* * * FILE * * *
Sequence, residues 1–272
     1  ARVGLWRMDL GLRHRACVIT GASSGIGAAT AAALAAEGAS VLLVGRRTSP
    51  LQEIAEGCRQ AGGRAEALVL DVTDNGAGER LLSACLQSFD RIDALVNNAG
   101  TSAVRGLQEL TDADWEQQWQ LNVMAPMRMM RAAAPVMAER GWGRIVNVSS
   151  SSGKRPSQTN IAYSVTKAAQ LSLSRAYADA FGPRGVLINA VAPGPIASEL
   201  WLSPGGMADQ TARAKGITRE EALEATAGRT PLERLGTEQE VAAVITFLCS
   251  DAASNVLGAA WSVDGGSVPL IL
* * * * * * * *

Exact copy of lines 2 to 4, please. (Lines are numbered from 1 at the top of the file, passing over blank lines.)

     1  ARVGLWRMDL GLRHRACVIT GASSGIGAAT AAALAAEGAS VLLVGRRTSP
    51  LQEIAEGCRQ AGGRAEALVL DVTDNGAGER LLSACLQSFD RIDALVNNAG
   101  TSAVRGLQEL TDADWEQQWQ LNVMAPMRMM RAAAPVMAER GWGRIVNVSS